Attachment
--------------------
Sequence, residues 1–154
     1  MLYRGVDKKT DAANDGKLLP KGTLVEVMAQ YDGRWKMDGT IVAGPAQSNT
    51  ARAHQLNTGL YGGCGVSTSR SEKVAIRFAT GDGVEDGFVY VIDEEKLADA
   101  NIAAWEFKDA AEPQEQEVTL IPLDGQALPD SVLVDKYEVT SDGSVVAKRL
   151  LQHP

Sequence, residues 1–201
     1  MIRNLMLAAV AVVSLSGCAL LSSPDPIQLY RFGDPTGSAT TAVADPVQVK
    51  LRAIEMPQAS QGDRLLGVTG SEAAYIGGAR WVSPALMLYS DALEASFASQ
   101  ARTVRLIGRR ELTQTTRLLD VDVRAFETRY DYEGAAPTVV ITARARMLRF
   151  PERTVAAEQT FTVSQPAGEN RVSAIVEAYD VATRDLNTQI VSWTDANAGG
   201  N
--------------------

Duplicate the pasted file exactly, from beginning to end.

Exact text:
Sequence, residues 1–154
     1  MLYRGVDKKT DAANDGKLLP KGTLVEVMAQ YDGRWKMDGT IVAGPAQSNT
    51  ARAHQLNTGL YGGCGVSTSR SEKVAIRFAT GDGVEDGFVY VIDEEKLADA
   101  NIAAWEFKDA AEPQEQEVTL IPLDGQALPD SVLVDKYEVT SDGSVVAKRL
   151  LQHP

Sequence, residues 1–201
     1  MIRNLMLAAV AVVSLSGCAL LSSPDPIQLY RFGDPTGSAT TAVADPVQVK
    51  LRAIEMPQAS QGDRLLGVTG SEAAYIGGAR WVSPALMLYS DALEASFASQ
   101  ARTVRLIGRR ELTQTTRLLD VDVRAFETRY DYEGAAPTVV ITARARMLRF
   151  PERTVAAEQT FTVSQPAGEN RVSAIVEAYD VATRDLNTQI VSWTDANAGG
   201  N